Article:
Georgetown Law
Georgetown Law Library

Human Rights Law Research Guide

This guide will lead researchers through primary materials and introduce important secondary sources. While general human rights sources are covered in the guide, special attention is paid to resources that specifically address international women's human

Human Rights Case Law: International Courts, National Courts, Commissions & Treaty Bodies

International human rights courts, such as the European Court of Human Rights, frequently post their decisions online. Case law from these courts can also be found in the print reporters, published in the language of the court.

With respect to national court decisions involving human rights claims, usually only important cases from the court of final appeal and/or the constitutional court for the relevant jurisdiction are selected for publication in commercial reporters.  A good source for these types of decisions is the Oxford Reports on International Law database (Georgetown Only), which includes national court decisions from more than 60 countries.  You can search the database by keyword for human rights topics.  Occasionally, human rights decisions from national courts can be located free on the Web.  Consult the World Legal Information Institute for links to courts and other court decisions databases. Another option for finding national caw law is to consult an official reporter from that jurisdiction. The Foreign Law Guide (Georgetown Only) will help in identifying the reporters for a given jurisdiction. The official reporter will always be published in the language of the country.

Commercial print reporters, such as Butterworths Human Rights Cases INTL K3239.23 .B88, often publish a combination of cases from international courts and national courts. See our War Crimes research guide for information on locating the case law from the international criminal tribunals.

Finally, many treaty bodies (e.g. the U.N. Human Rights Committee) also hear complaints and publish decisions. Although not the same as a decision from a national or international court, these treaty body decisions are easily grouped together with other case law materials for the purposes of human rights research.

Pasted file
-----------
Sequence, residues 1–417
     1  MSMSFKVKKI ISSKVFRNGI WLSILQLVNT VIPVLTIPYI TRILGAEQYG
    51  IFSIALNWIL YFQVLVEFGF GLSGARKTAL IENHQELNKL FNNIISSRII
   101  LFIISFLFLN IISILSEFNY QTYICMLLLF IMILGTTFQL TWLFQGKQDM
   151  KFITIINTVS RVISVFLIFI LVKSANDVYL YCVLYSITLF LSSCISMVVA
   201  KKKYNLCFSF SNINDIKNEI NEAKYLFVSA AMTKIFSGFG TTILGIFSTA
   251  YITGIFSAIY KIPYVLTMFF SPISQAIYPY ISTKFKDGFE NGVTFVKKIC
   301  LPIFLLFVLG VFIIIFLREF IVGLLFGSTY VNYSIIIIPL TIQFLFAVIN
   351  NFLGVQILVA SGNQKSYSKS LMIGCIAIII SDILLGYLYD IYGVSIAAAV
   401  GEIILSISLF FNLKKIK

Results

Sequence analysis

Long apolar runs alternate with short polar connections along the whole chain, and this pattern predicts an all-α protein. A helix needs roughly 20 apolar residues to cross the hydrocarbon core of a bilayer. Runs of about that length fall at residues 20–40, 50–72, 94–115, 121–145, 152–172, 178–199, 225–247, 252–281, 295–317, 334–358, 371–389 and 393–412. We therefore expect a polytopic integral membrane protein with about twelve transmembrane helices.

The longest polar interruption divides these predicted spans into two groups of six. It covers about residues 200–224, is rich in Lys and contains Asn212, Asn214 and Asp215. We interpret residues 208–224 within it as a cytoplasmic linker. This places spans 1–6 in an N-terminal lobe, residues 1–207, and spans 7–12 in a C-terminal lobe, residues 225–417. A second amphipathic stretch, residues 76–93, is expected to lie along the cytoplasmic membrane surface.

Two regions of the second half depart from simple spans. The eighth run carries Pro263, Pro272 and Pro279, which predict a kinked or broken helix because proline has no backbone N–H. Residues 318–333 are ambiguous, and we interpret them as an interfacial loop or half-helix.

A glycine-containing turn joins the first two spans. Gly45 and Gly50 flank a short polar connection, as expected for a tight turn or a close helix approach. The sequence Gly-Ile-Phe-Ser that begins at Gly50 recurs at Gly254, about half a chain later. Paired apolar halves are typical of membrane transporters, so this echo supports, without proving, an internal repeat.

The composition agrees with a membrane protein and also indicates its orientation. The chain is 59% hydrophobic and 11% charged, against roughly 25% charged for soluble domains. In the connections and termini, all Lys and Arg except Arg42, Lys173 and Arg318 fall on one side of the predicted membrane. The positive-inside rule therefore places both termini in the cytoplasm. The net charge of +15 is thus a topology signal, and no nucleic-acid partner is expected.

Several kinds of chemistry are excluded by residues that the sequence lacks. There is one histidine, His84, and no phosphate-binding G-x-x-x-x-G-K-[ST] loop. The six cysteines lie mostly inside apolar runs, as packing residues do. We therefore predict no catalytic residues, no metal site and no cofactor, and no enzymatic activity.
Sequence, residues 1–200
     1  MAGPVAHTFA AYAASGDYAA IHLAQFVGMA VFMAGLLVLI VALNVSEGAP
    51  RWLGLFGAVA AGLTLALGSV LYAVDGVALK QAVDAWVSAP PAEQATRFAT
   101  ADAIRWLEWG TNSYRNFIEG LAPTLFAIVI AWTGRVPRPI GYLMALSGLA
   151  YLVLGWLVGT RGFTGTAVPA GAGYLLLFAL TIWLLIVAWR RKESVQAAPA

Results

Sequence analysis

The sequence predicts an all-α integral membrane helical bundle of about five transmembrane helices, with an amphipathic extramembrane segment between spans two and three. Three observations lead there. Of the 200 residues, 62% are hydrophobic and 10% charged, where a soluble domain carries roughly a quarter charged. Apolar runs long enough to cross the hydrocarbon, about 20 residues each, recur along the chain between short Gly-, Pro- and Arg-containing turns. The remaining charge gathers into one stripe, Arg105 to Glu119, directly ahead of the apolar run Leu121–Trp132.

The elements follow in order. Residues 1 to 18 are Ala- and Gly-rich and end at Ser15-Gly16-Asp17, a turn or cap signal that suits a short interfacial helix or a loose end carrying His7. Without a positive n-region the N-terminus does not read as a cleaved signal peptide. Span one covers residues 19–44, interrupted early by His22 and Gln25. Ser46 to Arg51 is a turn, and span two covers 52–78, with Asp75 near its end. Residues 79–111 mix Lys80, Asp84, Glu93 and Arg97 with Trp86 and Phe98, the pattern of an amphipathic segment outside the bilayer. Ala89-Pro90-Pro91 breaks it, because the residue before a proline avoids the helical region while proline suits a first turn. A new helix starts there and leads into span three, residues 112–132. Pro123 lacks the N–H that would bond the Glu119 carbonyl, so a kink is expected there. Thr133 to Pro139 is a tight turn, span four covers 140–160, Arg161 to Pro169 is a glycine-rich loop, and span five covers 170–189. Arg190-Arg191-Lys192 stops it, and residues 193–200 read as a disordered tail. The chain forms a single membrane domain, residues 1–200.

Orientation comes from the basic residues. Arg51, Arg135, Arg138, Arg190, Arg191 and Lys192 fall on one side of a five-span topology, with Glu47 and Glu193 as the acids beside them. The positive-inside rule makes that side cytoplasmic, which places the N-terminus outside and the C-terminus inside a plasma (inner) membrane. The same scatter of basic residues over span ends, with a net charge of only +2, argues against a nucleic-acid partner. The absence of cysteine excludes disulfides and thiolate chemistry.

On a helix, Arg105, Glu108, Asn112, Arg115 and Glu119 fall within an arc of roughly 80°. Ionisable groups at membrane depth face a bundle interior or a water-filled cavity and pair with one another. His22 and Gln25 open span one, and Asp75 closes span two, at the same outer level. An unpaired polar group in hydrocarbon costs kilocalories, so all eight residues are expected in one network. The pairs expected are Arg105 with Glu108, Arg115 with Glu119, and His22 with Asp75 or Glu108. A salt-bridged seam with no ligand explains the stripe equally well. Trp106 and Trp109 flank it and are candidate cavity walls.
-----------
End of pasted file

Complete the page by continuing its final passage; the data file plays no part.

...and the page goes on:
Multi-Institutional Sources

Sources for Specific Courts, Commissions and Other Bodies

  • African Commission on Human and Peoples' Rights. Complaints may be brought by individuals or by states and non binding decisions are available from the University of Minnesota Human Rights Library. The Commission requires periodic state reporting about the advancement of human rights within each state party. Some of these reports may be found on the ACHPR web site.
  • African Court of Human and Peoples' Rights. The establishment of this court and the progression to hearing cases has been a very long process that is still ongoing. No judgments have been issued. Further delays are expected as the African Union decided to merge the African Court of Human and Peoples' Rights with the African Court of Justice. For a useful discussion of the court, see African Court of Human and Peoples' Rights: Ten years On and Still No Justice from Minority Rights Group International.
  • European Commission of Human Rights. Prior to 1998, the European Commission of Human Rights assisted the Court with decisions on the admissibility of an application and and examination of the merits. This commission was discontinued in 1998. Some of the decisions have been published in sources listed below.
  • European Court of Human Rights. The European Court of Human Rights is part of the Council of Europe and functions as the judicial organ for the European Convention on Human Rights. Complaints to the court can be filed from individuals, groups of individuals, company, NGOs, or even between states. These complaints are brought against states that are parties to the convention. Decisions of the Court may be found in the sources listed below.
    • Collection of Decisions / European Commission of Human Rights (1960-1974)INTL KJC5135.A5 E97
    • Decisions and Reports / European Commission of Human Rights (1975-1998) INTL KJC5135.A5 D43